The Rhodesian War - Fifty Years On

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  • Author:
    Paul Moorcroft and Peter McLaughlin
    This book, first produced in 1982, has been updated in a number of editions over time. This is the update for the 50th anniversary of the Universal Declaration of Independence (UDI) by Ian Smith, the then Prime Minister of Rhodesia. The authors both have an interest, being variously, academics, journalist, advisers and instructors in the region and elsewhere. The 50th Anniversary edition has a new foreword written by Paul Moorcroft, which offers a very concise update of how the 15-year conflict may be viewed. Indeed, some say that a study of the Rhodesian experience is essential to those who study guerrilla warfare and the utility of force to solve, ultimately, political problems.

    The original book was titled Chimurenga, and was written by the authors from material available at the time. Since then, it has “become a standard text on counter-insurgency”. It has been updated and the authors have tried to maintain a balanced account, although they note that over time, some of the details in the book have been challenged. As Foucault, Schivelbusch and Benjamin (and others such as Churchill) have said “history is written by the victors”, so in some ways this is an account that reflects the bias of the authors.

    That said, the book is well structured and does try to tell the story of the conflict from both sides. To have produced a book that conveys the complexities of the regional conflict in only 10 chapters and 200 pages is an act of synthesis that others may have had difficulty with. The book, as you would expect, takes a chronological approach to the conflict. It starts with a long sweep from 1890 to 1965, exposing the roots of the conflict and covering the early years. The next section of the book looks at the combatants and their weapons, then, in a section titled “the climax”, the authors turn their attention to the concluding stages on the national and international stage.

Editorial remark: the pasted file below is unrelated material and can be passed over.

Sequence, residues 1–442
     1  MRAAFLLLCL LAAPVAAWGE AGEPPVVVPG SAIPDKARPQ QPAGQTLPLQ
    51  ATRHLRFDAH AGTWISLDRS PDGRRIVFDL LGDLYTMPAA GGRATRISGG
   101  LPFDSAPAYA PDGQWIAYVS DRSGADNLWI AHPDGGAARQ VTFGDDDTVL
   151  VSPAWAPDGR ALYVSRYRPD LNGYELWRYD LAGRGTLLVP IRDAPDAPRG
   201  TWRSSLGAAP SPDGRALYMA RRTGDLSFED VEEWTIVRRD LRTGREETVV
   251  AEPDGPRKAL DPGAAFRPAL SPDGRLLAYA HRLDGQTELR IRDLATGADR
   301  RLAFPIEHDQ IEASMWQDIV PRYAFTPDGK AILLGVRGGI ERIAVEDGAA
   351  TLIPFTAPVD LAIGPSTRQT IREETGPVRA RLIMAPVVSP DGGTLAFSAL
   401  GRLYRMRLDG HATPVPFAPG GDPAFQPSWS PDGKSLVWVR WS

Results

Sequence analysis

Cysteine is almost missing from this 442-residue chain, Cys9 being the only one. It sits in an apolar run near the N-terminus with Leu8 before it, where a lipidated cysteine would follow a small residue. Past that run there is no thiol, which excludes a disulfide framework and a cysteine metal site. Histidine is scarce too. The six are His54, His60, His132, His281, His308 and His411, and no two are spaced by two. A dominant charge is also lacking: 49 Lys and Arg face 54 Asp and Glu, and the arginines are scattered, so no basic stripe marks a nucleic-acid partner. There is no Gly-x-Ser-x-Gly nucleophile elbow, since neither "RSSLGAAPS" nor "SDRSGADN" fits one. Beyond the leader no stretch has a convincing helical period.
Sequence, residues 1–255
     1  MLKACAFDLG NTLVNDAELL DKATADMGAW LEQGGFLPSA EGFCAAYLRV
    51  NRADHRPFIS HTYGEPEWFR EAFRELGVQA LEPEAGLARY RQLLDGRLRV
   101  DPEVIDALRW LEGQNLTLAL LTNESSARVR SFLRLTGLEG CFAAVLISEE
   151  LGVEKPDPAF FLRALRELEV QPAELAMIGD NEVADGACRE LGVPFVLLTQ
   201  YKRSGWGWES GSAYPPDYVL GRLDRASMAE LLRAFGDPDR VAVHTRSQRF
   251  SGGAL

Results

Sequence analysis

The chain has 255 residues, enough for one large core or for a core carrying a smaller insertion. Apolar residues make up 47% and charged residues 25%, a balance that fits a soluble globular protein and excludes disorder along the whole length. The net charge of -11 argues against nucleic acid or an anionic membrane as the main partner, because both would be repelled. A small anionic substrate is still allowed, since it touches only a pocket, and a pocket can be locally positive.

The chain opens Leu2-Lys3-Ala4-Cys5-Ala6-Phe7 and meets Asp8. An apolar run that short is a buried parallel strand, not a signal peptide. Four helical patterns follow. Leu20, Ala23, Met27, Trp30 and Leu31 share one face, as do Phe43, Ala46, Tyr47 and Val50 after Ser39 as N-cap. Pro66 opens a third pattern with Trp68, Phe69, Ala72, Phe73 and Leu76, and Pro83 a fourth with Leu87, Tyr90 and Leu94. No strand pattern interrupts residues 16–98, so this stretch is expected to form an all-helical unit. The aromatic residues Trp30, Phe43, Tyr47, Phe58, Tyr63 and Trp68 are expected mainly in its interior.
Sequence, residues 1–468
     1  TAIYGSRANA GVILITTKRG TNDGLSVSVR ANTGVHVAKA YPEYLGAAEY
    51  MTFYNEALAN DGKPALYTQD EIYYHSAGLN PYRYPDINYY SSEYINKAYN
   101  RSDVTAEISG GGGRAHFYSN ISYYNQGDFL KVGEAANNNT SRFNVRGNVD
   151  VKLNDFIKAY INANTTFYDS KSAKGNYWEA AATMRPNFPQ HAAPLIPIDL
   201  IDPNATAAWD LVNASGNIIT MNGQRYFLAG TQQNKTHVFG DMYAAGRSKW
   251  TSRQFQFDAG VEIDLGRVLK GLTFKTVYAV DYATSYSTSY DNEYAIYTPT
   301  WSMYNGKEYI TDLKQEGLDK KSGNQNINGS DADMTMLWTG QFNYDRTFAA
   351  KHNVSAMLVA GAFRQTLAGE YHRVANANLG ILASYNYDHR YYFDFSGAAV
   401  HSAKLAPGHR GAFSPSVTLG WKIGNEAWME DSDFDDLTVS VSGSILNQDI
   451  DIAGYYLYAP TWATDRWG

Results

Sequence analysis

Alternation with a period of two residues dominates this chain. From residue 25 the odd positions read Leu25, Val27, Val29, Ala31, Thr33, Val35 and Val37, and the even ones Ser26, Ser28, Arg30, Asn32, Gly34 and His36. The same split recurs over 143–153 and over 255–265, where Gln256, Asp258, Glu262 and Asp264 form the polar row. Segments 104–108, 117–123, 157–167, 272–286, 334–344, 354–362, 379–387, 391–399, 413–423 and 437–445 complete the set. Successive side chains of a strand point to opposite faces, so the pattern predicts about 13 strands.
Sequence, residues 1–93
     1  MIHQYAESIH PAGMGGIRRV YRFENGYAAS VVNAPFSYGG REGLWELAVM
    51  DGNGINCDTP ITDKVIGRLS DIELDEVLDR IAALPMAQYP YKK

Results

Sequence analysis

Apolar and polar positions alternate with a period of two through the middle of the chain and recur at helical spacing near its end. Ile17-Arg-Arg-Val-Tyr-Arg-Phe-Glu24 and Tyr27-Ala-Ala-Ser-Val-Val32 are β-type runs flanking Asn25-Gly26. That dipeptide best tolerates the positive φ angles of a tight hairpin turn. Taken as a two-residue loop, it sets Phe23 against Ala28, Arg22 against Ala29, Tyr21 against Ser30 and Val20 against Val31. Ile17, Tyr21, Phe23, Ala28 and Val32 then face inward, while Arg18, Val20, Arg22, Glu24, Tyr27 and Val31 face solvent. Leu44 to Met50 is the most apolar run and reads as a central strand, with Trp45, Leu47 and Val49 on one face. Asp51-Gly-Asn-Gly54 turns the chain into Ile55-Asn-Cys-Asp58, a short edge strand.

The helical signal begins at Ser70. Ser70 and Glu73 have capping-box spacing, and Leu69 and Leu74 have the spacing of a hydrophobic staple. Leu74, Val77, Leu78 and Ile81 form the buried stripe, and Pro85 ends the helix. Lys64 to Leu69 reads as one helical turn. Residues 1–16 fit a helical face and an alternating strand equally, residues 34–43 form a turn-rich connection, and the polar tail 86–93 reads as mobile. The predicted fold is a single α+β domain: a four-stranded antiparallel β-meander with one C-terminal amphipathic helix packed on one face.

The chapters are short and use clear language, although at times I had difficulty in following which guerrilla party was what, mainly due to the similar titles. It left me wondering whether the Monty Python team drew inspiration from this for their titles of political parties in “Life of Brian”. By the end of the book, however, I was more comfortable with this. Overall, I enjoyed reading this book. I found that it gave me an insight into a conflict that had parallels in other parts of the world in the superpower proxy wars of the later 20th century.

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  1. gam47
    There are superior texts available on the study of the counter-insurgency war in Rhodesia. While the Fire Force tactics and external operations worked to a certain extent, by 1979 the country only survived by South African help, be it military equipment and combat units, hard currency, logistical support for both the military and the actual national economy. And even so it is now estimated by the SEP 1979 the Government only controlled some 30% of the country, from a high of some 260,000 whites in 1973, by 1979 there were only 90 thousand, which included a substantial number of foreign personnel serving in the military and security industry. The shortages of everything was massive, approached by a lady on the tarmac of Salisbury airport whilst loading Puma's with loads for assembly points for the Terr's. she asked for some nice soft toilet paper - the standard British Army bog roll!!! The actual toilet paper in use in the country was made for bamboo, and it felt like it. Ti logistically support those terrorist assembly points, the RAF C-130 force had to fly non-stop into the Republic of SA in order to feed, clothe and provide the necessities for living. When the SA's removed all their equipment, some 52 helicopters (12 SAAF Puma and 40 odd Alouette III) and ten C-47 Dakota's departed in one hit, or the entire basis of the Fire Force. Once the SA's removed their support, there was no future.
  2. W21A
    First para, last line - utility or futility - gen question.
    1. dockers
      The book implies futility. The difficulty is in matching political action and military action to achieve the aim. The authors seem to show that political action in this case did not impact on the native population and re-trenched the whites.
      dockers, Aug 30, 2016
      W21A likes this.